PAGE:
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Klipsch Palladium Speakers

Klipsch began making speakers in the US over six decades ago, and the company is still going strong. Its current flagship line, dubbed Palladium, builds on the company's continuing commitment to horn-loaded designs.

The Palladium line includes three floorstanders and one bookshelf model. The top of this heap is the P-39F ($20,000/pair), a 3-way design with a ¾-inch titanium tweeter and 4.5-inch aluminum midrange, each located in the throat of its own Klipsch-exclusive Tractrix horn to control directivity and increase efficiency. The low end is handled by three 9-inch aluminum/Rohacell/Kevlar woofers in a curved "boat-tail" cabinet with triple ports to enhance the bass response while reducing distortion. The result is an overall frequency range from 39Hz to 24kHz (±3dB) and a sensitivity of 99dB/W/m.

The P-27C center-channel speaker ($3500) uses the same Tractrix horn-loaded tweeter and midrange, which are flanked by two 7-inch woofers in a rear-ported cabinet. The frequency response extends from 56Hz to 24kHz (±3dB) with a sensitivity of 96dB/W/m.

The surround channels are reproduced by the P-27S ($4000/pair) with two of the same horn-loaded tweeters firing fore and aft and two 7-inch woofers in a front-ported enclosure. These puppies reproduce frequencies from 72Hz to 24kHz (±3dB) with a sensitivity of 96dB/W/m.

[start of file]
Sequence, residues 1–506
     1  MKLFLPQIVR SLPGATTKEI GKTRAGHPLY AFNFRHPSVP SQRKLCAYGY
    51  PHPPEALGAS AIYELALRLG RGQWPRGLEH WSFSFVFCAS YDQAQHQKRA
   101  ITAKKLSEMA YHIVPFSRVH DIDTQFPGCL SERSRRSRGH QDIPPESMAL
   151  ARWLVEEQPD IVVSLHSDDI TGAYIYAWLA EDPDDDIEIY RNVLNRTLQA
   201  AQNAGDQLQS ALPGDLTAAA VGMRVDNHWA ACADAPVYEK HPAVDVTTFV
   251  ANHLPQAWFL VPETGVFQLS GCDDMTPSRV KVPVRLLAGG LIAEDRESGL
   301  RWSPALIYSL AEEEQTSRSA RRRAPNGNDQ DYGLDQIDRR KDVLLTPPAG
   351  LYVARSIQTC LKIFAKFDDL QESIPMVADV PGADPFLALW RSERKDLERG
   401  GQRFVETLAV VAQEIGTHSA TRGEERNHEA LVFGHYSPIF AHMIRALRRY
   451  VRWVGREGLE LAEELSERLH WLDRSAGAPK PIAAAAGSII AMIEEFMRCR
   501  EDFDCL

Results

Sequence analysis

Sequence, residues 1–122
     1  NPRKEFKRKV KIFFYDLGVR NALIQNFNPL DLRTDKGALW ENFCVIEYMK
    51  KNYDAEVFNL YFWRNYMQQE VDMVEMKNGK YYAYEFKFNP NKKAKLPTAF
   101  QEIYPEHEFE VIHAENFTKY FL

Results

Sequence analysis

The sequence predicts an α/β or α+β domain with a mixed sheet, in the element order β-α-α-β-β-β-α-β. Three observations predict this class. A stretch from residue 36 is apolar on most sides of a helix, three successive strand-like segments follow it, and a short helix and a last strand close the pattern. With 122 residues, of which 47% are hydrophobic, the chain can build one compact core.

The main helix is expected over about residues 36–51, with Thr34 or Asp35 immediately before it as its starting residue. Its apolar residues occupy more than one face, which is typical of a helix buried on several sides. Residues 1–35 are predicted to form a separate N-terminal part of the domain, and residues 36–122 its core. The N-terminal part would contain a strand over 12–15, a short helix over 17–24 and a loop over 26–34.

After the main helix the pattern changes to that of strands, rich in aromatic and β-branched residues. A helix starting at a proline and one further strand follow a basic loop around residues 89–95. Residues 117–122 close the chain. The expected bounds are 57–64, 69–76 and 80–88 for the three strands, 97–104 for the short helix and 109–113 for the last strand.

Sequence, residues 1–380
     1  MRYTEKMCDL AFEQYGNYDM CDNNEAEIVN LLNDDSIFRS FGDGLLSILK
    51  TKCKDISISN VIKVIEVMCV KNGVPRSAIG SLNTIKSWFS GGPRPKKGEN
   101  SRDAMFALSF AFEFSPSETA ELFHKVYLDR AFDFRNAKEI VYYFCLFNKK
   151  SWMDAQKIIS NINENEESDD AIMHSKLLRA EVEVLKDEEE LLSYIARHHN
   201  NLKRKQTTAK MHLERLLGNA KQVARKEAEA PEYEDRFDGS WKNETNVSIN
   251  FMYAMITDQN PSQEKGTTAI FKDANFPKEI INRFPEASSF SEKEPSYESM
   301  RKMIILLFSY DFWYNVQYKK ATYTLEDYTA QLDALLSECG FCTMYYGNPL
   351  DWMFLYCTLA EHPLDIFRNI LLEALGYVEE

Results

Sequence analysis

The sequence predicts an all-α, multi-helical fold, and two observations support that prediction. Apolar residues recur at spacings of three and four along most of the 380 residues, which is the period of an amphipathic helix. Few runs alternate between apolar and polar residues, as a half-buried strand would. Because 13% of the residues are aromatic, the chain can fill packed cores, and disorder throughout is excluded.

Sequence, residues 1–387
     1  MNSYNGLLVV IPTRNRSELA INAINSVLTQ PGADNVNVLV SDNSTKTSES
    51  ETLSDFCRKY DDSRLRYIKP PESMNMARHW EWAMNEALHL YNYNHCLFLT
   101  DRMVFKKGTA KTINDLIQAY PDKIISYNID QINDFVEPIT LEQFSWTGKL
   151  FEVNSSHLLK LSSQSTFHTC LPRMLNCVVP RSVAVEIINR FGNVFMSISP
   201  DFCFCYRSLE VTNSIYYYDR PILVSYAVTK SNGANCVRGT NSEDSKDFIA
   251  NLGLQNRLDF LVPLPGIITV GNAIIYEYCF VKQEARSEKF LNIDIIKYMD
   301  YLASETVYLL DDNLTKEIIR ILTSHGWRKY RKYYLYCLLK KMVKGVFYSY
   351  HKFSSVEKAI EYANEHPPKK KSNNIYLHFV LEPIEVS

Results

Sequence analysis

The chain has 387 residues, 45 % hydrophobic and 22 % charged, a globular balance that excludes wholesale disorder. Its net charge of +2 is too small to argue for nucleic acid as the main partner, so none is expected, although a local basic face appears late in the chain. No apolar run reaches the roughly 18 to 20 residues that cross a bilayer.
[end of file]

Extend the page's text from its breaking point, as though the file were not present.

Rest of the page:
As you've no doubt surmised by now, none of the Palladium speakers can plumb the depths of deep bass, which is the job of the P-312W subwoofer ($4000). This bad boy includes one 12-inch active transducer and two 12-inch, side-firing passive radiators that can get down to 18Hz (-3dB). A hybrid-digital amp delivers 1000 watts of continuous power, and onboard auto room correction compensates for those pesky room modes.

If you've been following along with a calculator, you know that a 5.1 Palladium system with two P-39F fronts, one P27C center, two P-27S surrounds, and one P-312W sub will set you back $31,500. Is such a system worth it? I suspect so.

As Wes Phillips concluded in his review of the P-39F for Stereophile, "Are there better loudspeakers for $20,000/pair than the Klipsch Palladium P-39F? Possibly—I haven't heard every one of them yet. (Give me time and I'll certainly try.) What I can tell you is that the P-39F surprised me with its balance, lively sound, and ungimmicky naturalness. It's well built and, I think, really good-looking. If, like me, you think you know what a horn speaker sounds like, the P-39F just might astound you. It certainly astounded me."

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